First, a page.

I've been quiet here but not here in real life. Busy with a long stretch at work, then getting the house back in order afterwords-still working on this, being the second in command for girl scout cookies sales...all this has made for a busy week. Speaking of cookies, those Samoas are like crack. Is there another cookie out there sold year round that approximates this? Please advise.
Well, I wrote late last year about how things are going to change around here, blah blah blah, and that I was going to greatly cut down on the number of review copies I accept and write about. I have been successful in this. There aren't exactly people banging down my door begging me to review their book, but I do get requests, perhaps a few a week and sure it's flattering, and nice to have such fun mail. Some of the requests are admittedly odd, for books outside any genre I read - self help, romance, etc. Then there was the illegible request that was formatted in some crazy way. I mean, AOL has a habit of making email look wonky by the time I receive it, but I could seriously not even read the text between the crazy http&^%$ stuff. And then the publicist contacted me again, saying 'how else can we get the word out' and I almost emailed back and said 'how bout start by sending me an email I can actually read!' but I didn't.
All this to say, that I'll be trying to keep my ARC reading to 12 books this year, that's one per month (I'm good at math too!) and here are the first two books of the year.
I actually received Melanie Benjamin's Alice I Have Been: A Novellast year. I was drawn to this story primarily by the Victorian period in which it is set, and secondly to it's literary nature. Benjamin was inspired by a photograph of Alice Liddell - the girl who inspired Alice in Wonderful - and was moved to think and write about who she actually was.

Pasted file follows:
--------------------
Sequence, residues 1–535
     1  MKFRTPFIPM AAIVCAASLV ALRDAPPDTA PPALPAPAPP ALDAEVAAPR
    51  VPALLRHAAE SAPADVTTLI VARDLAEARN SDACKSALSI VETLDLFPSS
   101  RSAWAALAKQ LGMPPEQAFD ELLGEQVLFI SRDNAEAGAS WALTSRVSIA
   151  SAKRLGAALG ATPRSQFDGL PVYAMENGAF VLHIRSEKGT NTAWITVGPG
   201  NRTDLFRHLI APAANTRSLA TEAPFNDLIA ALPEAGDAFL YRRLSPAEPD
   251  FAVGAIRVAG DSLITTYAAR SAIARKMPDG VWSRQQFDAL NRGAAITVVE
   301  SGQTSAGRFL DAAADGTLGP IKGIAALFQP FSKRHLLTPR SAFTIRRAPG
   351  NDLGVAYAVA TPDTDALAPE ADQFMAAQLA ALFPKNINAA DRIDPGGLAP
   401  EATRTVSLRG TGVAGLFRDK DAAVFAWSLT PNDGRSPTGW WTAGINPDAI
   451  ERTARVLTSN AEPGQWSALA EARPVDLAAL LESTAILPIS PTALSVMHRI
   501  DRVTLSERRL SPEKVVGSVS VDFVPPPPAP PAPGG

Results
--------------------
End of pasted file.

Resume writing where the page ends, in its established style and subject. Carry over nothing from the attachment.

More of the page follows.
Alice I Have Been is divided into three sections, in the first Alice is young girl and counts teacher Charles Dodgson aka Lewis Carroll among her friends. There is a strong sense of unease in this section of the book, as we discover that Mr. Dodgson's favorite companions are young girls. When you think about the photograph above, that Dodgson took this photo of a child of a respectable Victorian family in such a state of undress -those couldn't have been her clothes, and with such an expression on her face, well it certainly seems that to an outsider something was Not.Quite.Right.
Something really did happen to cause a break in the relationship between Dodgson and the Liddell family, but history does not tell us exactly what. The second section of the book deals features Alice as a young woman, having a romance with Prince Albert and meeting Mr. Dodgson again. It is uncomfortable. And finally, we see Alice as an older woman, somewhat surprised by the attention she still garners as Alice in Wonderland.
I liked Alice I Have Been very much. The period felt authentic to me and I thought the author used her imaginative powers very well here, conjuring up what Alice might have been like.
Next we have One Amazing Thingby Chitra Banerjee Divakaruni. This woman really knows how the spin a sentence and I wanted to read this book after enjoying Sister of My Heart: A Noveland The Vine of Desire: A Novelso much.
One Amazing Thing takes place in a visa/passport office in the basement of a building in the US. San Francisco perhaps? There is an earthquake and the 9 people trapped inside this office must find a way to stay safe and survive until they can hopefully escape. One way they take their minds off their troubles is to each share 'one amazing thing' from their own lives and through this we see into each of their hearts and minds.
Despite the beautiful writing this was just an okay read for me. It was hard to get to know so many characters in so little time and really care about their stories. I was often mystified when the stories would go from first person to third person in one paragraph. Between stories, the survivors would deal with the immediate effects of the earthquake. I think the stories coming out of the earthquake in Haiti really lessened the impact of this part of the story.
Ultimately, what I got out of this book is being reminded that everyone has a story and a motivation that we'll probably never know nor understand. It is that story that makes each person who they are and may affect their daily life in ways we can never understand.
Many thanks to Delacorte Press and Hyperion Books for providing these books for review.